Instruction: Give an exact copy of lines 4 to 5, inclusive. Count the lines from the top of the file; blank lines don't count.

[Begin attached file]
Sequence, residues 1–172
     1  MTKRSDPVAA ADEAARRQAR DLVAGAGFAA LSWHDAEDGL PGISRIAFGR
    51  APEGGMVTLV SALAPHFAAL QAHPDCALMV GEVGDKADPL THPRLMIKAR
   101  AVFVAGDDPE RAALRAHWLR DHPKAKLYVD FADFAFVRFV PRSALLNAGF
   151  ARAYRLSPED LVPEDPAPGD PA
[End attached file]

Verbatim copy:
   101  AVFVAGDDPE RAALRAHWLR DHPKAKLYVD FADFAFVRFV PRSALLNAGF
   151  ARAYRLSPED LVPEDPAPGD PA